Journal bearings have a small hole to constantly supply oil for lubrication. They do not rely on oil coming from the surrounding vicinity. That said, it is possible to run the bearing dry if there is insufficient oil pressure or the tolerance between the camshaft and bearing is too little, but the former scenario is an indication of bigger problems while ...


3

The noise you describe is a VERY common issue with the transmission in the model of RX-7 you are driving. As a matter of fact, my current RX-7 (1991, 220k miles) has this exact same issue. Based on your description, the noise is almost certainly coming from the transmission's input shaft bearing - not any part of the clutch assembly, or anything that would ...


3

Several suppliers sell a hub and bearing assembly. While more expensive it makes replacement a one trip job. There is no need to bring the assembly to a shop to have the hub removed and installed from the bearing. It does appear that once the rotor is removed you have access to the four bolts that retain the bearing to the knuckle. It will also require the ...


3

It is definitely not the same between a 4x4 and a 4x2 vehicle. The major difference between the two is that in a 4x4 application, there is the drive shaft which runs through the middle of the hub. You have to remove this in order to get to the bearing. 4wd is much more involved than a 2wd. Not knowing which year of vehicle you have, I cannot tell you exactly ...


3

Unfortunately there is no way to fix what ails your Ford here. You'll need to replace the spindle, hub, and I believe rotor as well (it appears the hub and rotor are one piece - is this correct?). There is no way to salvage this with out taking it to a machine shop, unless you have some mad machining skills (which I assume you don't, or you'd know the answer ...


3

The parking brake may not be releasing on that wheel. The parking brake cable may be damaged or rusted. Its also possible that the hydraulic cylinder in the brake caliper is stuck. Another possibility is the caliper pins which allow the caliper to stay centered over the rotor are corroded. You should inspect the parking brake cabling to ensure smooth ...


2

Noise from the strain of the power steering pump can cavitate (or 'reverberate' is probably more accurate) through lines and even to the steering wheel itself. Check fluid levels, and pump condition. If it all checks out it may just be normal. Typically bearings will not seize when they are already in motion. They can fail catastrophically, but it is ...


2

After a while, steering bearings can become filled with grit and grime, causing steering to feel not so smooth. Here are the steps to cleaning and greasing your steering bearings so that steering feels smooth and fluid again. Disassembly - In order to keep up with bolts, hand tighten bolts back in their respective receptor holes after removing components. ...


2

It depends on the size of the spindle and whether it is a straight spindle or not (more than likely it is straight). There are two common sizes for small trailers (I believe). It should be the A14 bearing set for the 1" spindle, or A6 set for the 1 1/4" spindle. If in the US, you should be able to pick these up from any of the major parts stores (AutoZone, ...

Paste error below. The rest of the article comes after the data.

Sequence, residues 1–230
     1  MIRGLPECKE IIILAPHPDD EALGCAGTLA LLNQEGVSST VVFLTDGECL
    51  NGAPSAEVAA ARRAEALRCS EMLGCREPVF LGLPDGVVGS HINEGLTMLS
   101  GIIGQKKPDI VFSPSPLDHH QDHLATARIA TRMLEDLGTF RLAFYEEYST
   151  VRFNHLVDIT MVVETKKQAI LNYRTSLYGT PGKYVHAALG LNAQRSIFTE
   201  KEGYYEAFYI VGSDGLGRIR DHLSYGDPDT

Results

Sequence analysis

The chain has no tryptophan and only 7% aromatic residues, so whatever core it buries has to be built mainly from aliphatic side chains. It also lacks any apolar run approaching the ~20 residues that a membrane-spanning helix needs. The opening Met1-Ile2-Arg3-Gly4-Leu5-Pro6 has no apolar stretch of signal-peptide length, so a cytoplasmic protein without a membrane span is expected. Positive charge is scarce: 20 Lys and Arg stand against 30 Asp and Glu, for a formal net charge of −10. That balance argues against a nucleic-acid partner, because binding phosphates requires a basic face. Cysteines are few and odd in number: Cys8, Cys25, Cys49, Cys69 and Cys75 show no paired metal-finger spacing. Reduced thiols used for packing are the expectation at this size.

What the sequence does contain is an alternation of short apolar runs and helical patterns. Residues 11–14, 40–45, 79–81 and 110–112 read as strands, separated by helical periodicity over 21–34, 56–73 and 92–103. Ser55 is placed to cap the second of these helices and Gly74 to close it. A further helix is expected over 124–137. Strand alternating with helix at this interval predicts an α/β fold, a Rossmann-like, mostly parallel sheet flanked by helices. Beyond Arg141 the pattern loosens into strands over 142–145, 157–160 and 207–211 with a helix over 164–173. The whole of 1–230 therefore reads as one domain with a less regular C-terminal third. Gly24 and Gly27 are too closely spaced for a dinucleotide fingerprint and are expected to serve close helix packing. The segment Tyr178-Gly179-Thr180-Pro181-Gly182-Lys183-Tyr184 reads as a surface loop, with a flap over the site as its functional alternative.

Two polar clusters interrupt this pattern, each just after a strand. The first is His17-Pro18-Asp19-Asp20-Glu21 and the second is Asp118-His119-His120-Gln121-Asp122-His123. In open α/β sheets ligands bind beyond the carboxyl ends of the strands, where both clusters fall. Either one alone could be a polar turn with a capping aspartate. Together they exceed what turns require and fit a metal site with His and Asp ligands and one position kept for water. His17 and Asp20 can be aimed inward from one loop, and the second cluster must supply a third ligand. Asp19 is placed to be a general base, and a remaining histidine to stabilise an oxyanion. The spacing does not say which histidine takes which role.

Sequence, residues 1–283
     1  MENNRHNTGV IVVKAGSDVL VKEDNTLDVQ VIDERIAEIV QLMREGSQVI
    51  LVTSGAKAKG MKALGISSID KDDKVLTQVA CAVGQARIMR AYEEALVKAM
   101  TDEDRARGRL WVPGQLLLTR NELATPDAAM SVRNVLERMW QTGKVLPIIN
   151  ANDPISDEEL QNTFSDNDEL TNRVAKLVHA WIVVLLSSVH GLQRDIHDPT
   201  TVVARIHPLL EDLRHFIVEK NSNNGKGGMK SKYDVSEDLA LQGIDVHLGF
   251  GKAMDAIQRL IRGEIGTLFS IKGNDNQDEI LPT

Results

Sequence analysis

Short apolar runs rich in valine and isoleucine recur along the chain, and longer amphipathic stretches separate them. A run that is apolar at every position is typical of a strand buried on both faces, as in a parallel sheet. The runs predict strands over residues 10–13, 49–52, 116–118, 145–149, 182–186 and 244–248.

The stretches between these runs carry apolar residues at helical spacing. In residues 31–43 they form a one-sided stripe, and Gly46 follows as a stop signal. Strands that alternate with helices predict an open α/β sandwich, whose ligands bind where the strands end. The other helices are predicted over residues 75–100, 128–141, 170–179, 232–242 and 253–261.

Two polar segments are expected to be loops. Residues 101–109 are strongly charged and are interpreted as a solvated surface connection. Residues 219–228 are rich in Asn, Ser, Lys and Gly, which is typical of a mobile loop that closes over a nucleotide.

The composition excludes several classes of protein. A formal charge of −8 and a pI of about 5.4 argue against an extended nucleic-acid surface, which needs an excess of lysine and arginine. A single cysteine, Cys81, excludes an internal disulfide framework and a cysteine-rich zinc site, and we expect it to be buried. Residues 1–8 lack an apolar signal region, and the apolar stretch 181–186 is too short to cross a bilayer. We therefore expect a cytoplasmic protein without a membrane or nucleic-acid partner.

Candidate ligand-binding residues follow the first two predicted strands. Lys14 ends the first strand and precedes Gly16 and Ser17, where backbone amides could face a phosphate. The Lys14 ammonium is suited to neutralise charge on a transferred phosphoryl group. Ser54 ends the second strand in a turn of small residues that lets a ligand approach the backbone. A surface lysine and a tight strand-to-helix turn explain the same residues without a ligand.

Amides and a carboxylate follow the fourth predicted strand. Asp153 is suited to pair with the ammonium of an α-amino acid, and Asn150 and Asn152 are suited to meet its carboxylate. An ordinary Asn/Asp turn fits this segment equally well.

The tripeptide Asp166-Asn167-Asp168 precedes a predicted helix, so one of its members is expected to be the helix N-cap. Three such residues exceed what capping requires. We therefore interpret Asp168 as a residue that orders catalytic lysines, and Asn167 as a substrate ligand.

2

You lube the bearings until all the old grease is out. Can't really tell if 14oz is enough, but if using one of those fancy repackers, it might be. If replacing all together, just make sure there is enough grease in them. Some come pre-greased, but I would repack anyways. Can never really tell how long they been sitting in a parts room.


2

There are many very technical diagnostic methods involving chassis mics etc ... All the years I worked as a mechanic I just took the car to an open lot and made tight circles to the left and right to put a load onto one side at a time, you should hear the difference while under load like this and be able to determine which ones need replacement.


2

Sounds like the throwout bearing if you're hearing it mainly when you're operating the clutch pedal. Some vehicles do have an inspection port on the gearboxes bell housing, however in a lot of cases, removal of the gearbox and/or bell housing is required.


2

Throw out bearings (TOB) usually make noise when only when you press the clutch pedal. The reason for this is, it is the only time it is engaged and actually can make a noise. If you are hearing this particular noise at 2000-3000 rpm when you aren't actuating the clutch, this can be ruled out almost immediately. Input shaft bearing will make noise most of ...


1

I would not recommend packing either the cap or the space between the bearings. The external cap is only a dust cap and is not meant to hold back grease, just keep the dust out. The story is very similar with the inside seal. The seal is just to keep the dust out. If too much grease is put in, it may get displace and get passed the seals making a mess all ...


1

i went through that a lot every time bad bearing instillation either not aligned right or pressed in too tight. advice change your mechanic